Religions seek to prevent their followers from knowing about the world. After the fall of the Tunisian dictator at the beginning of the Arab Spring, it became apparent that the former Minister of Information, felt that it was his duty to prevent information, and to deny the Tunisian people access to Western newspapers, television, or college text-books.

        And so the censorship of external information was probably an important part of your religious upbringing. When mentioning ‘evolution’, the American religious Right tend to offer a parody of evolution to make it seem unbelievable. And that parody can be quite sophisticated. You can see the parody in all those bio-theological books such as ‘Darwin’s Doubt’, by Stephen C Meyer. That rush of bio-theology books are best called ‘Turnip-Truck Theology’ because you have to be quite innocent not to see the parody.

        1. “Indoctrination which means forcing people to appear to believe upon the threat of violence”

          That’s an odd definition of indoctrination. Definitions that I’ve seen are similar to this one from Mirriam-Webster, ” to teach (someone) to fully accept the ideas, opinions, and beliefs of a particular group and to not consider other ideas, opinions, and beliefs.” There is no mention of violence. Students can be indoctrinated into a narrow set of beliefs, and, in the US, at least, it’s fair to say that many children are indoctrinated into the religious beliefs of their parents.

          1. “…I for one certainly felt the significant social pressure to go Sunday School…” Filippo

            You see, Filippo used the word indoctrination with the idea of pressure. But definitions of ‘indoctrination’ are beside the point.

            I am trying to suggest that religious belief is not necessarily a matter of indoctrination (whatever definition your use) The evidence is that the children of so many families seem so very often to be split between the religious and the non religious, and it is a worldwide phenomenon. If it were just a matter of indoctrination, then all children, under identical child-rearing experience, would believe the same thing. Worldwide, it is sometimes, but not always, the case. Therefore I looked to the fact that children of the same family often differ in so many things, besides religious belief.
            So much work has been done in the last century on what happens in adolescence, when the young adult moves from under the influence of parents, and begins to find new and independent systems of thought. My own experiences in many societies is that it is at adolescence that religious belief seems to solidify. It is at that time that the most fundamental assumptions concerning the nature of reality begin to form in the young mind. Chief among these, in the three or four great religions, is that reality is ‘Intentional’. Somebody done it! And it is at that point that the existence of supernatural ‘beings’ becomes a useful explanation.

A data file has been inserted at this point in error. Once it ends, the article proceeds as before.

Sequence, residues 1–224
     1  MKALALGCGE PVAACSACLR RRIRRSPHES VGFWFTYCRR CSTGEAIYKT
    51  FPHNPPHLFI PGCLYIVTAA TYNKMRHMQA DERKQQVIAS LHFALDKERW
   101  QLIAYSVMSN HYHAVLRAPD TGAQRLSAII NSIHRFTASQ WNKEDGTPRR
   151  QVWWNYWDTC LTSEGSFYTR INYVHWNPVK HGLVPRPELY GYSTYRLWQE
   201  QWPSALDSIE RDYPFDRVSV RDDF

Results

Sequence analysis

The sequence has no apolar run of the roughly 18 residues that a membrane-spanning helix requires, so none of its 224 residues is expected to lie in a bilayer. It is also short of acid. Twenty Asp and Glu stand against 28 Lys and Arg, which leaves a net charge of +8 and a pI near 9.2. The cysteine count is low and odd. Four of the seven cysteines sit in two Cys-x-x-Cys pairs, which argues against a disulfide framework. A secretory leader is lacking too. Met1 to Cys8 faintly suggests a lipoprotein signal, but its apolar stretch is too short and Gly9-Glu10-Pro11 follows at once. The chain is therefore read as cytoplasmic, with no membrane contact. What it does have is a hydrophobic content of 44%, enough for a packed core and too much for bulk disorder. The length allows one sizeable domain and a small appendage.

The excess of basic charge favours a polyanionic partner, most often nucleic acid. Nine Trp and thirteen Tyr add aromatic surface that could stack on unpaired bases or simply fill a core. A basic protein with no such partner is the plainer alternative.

And further, youngsters with an outdoorsy kind of life-style seem less likely to fall for religion that those who seek knowledge only from the authority of books. When one is exposed to the brutalities of nature, which is more like an abattoir than a paradisiacal garden, then the idea of intention seems so very unlikely.

            1. ” . . . an outdoorsy kind of life-style seem less likely to fall for religion . . . . exposed to the brutalities of nature . . . more like an abattoir . . . .”

              Has “nature red in tooth and claw” not always been the experience of humanity since its emergence? E.g., were pioneers’ scratching out an existence in the American West an “outdoorsy kind of life-style”?

  21. I have read that resting the appropriate bit of anatomy against the knob on the end of a tractor gearstick (with the motor idling) can produce the required good vibrations – they’ll have to ban tractors!

    (Plus, of course, the apalling Health and Safety implications should the lever slip into gear…)

  22. In New Mexico, alcohol can not be purchased before noon. That is noy on the Huffington Post info-graphic. That is a Blue Law.

    Any prohibition, is prohibition.

    1. Only some kinds of fireworks are illegal. Not that that ever stops anyone from setting them off. Heck, in many areas it doesn’t even stop them from setting them off inside city limits.

      I knew an idiot who almost lost his hand playing with a Roman Candle.